Selasa, 26 Juli 2016

ScienceDaily: Top Environment News

ScienceDaily: Top Environment News


Before animals, evolution waited eons to inhale

Posted: 25 Jul 2016 12:15 PM PDT

Time to smash the beaker when thinking about oxygen concentrations in water, at the time when animal life first evolved. Oceans stacked oxygen here and depleted it there, as a new novel model demonstrates. It may well toss a wrench into the way we have dated the evolution of the earliest animals.

Human 'super predator' more terrifying than bears, wolves and dogs

Posted: 25 Jul 2016 10:53 AM PDT

Bears, wolves and other large carnivores are frightening beasts but the fear they inspire in their prey pales in comparison to that caused by the human 'super predator.' A new study demonstrates that smaller carnivores, like European badgers, that may be prey to large carnivores, actually perceive humans as far more frightening.

Spiders spin unique phononic material

Posted: 25 Jul 2016 10:53 AM PDT

How spider silk transmits phonons -- quanta of sound -- could inspire novel materials to manipulate sound and heat, according to scientists.

DNA analyses reveal genetic identities of world's first farmers

Posted: 25 Jul 2016 10:37 AM PDT

Conducting the first large-scale, genome-wide analyses of ancient human remains from the Near East, an international team of scientists has illuminated the genetic identities and population dynamics of the world's first farmers.

Salad days: Tomatoes that last longer and still taste good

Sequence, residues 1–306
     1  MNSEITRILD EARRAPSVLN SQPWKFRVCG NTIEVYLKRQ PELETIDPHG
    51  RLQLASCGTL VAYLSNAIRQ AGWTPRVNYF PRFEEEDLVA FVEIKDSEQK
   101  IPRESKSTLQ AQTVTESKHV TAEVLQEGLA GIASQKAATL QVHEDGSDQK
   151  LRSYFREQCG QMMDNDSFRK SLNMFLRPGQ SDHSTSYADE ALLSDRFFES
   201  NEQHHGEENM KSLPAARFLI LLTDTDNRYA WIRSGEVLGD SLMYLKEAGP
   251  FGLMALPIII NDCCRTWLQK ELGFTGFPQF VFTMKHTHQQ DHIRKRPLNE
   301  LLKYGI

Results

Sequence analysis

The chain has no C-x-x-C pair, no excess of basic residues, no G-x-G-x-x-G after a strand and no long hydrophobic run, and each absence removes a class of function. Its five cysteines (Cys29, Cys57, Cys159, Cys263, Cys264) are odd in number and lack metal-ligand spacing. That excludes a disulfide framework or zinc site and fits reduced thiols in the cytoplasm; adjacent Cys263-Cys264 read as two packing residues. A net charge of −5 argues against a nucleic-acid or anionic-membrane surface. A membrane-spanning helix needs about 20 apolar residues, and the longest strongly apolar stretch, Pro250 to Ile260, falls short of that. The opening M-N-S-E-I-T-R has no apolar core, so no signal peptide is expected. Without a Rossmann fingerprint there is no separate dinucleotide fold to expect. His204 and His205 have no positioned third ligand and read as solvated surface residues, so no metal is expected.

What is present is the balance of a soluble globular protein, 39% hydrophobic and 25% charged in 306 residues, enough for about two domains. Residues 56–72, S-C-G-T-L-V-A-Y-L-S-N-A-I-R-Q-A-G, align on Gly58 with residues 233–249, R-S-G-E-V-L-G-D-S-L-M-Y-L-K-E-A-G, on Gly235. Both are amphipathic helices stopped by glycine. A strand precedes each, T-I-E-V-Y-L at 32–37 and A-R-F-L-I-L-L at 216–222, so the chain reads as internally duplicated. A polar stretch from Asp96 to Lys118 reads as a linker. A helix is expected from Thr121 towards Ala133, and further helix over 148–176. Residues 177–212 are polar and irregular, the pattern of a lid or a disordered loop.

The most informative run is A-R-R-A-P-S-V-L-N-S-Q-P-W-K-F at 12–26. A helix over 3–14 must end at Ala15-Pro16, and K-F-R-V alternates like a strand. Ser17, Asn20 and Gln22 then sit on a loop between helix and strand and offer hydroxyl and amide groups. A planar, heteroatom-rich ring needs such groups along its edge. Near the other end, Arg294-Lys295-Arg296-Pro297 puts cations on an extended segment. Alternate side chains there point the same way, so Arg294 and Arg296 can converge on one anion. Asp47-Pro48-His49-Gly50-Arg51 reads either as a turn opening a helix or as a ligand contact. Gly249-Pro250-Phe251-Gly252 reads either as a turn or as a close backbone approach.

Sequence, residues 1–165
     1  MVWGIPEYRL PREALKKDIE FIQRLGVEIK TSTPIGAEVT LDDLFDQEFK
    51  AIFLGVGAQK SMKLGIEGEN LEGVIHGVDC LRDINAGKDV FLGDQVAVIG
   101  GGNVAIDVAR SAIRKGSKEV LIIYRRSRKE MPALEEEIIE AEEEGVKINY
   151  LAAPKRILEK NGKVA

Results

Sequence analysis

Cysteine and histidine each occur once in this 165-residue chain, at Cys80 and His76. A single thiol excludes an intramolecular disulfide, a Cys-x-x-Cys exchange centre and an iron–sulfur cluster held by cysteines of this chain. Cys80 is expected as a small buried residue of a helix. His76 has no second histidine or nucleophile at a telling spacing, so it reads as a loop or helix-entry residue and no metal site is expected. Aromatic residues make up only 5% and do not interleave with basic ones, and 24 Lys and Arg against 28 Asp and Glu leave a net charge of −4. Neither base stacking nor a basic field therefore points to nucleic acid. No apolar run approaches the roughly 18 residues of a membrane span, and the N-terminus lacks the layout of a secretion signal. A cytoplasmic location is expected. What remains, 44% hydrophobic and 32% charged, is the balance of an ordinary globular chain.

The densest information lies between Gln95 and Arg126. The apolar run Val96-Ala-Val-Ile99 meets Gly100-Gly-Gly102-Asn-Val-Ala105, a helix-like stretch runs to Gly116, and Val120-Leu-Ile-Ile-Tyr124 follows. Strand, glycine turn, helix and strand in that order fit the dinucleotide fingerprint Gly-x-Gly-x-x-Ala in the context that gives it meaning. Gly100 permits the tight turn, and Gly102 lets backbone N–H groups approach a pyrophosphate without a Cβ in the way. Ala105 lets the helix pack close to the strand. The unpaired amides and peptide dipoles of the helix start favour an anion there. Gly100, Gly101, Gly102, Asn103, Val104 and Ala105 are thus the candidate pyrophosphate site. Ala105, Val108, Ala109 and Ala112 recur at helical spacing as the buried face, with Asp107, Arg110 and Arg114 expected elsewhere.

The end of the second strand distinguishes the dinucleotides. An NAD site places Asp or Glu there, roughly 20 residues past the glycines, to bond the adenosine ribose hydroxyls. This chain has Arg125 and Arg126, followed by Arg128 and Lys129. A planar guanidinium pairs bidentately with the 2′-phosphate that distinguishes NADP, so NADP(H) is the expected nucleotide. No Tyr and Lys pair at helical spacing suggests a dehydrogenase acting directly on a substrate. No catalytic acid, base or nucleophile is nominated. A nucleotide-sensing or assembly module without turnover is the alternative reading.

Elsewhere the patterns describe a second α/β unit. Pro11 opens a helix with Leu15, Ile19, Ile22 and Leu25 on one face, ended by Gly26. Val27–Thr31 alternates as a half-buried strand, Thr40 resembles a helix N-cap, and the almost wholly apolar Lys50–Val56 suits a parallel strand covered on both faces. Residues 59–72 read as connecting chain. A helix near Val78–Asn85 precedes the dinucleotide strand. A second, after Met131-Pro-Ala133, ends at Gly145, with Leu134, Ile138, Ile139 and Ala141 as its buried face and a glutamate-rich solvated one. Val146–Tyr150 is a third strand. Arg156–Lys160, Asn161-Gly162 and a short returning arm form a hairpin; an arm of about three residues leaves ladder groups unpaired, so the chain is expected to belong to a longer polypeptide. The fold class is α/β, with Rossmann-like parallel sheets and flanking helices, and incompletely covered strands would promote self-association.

Posted: 25 Jul 2016 09:21 AM PDT

The precise mechanisms involved in tomato softening have remained a mystery until now. Research has identified a gene that encodes an enzyme which plays a crucial role in controlling softening of the tomato fruit.

Sibling competition helped guide dispersal in pre-industrial populations

Posted: 25 Jul 2016 09:18 AM PDT

Researchers who examined family genealogies from Finland found that the presence of same-sex elder siblings increased the probability that people would disperse to new lands, whereas having opposite-sex siblings had less influence.

Novel technique to 'taste' DNA

Posted: 25 Jul 2016 09:18 AM PDT

Scientists have demonstrated for the first time that it is possible to selectively sequence fragments of DNA in real time, greatly reducing the time needed to analyze biological samples.

Marijuana exposure in kids rose after recreational use legalized in Colorado

Posted: 25 Jul 2016 09:17 AM PDT

The legalization of recreational marijuana in Colorado was associated with both increased hospital visits and cases at a regional poison center because of unintentional exposure to the drug by children, suggesting effective preventive measures are needed as more states consider legalizing the drug, according to a new article.

Flower bud uniformity beholden to time, space

Posted: 25 Jul 2016 07:52 AM PDT

A study of sepals in Arabidopsis plants reveals the mystery of how uniformity in flowers and organs occurs. In the study, the diverse international team used an interdisciplinary approach that combined expertise in biology, computer science, physics and applied mathematics.

New index reveals likelihood of terrestrial or aquatic lifestyles of extinct mammals

Posted: 25 Jul 2016 07:52 AM PDT

Researchers have developed a new index based on rib and body weight measurements that predicts whether a mammal lived on land, in water, or both. When applied to extinct mammalian species, the index showed that some could not have supported their own weight while walking or crawling, and thus must have been restricted to an aquatic life. The index reveals the habitats of extinct species and enables reconstruction of their lifestyles and the anatomical changes that accompanied adoption of an exclusively aquatic lifestyle.

Hot desert storms increase risk of bacterial meningitis in Africa

Posted: 25 Jul 2016 07:52 AM PDT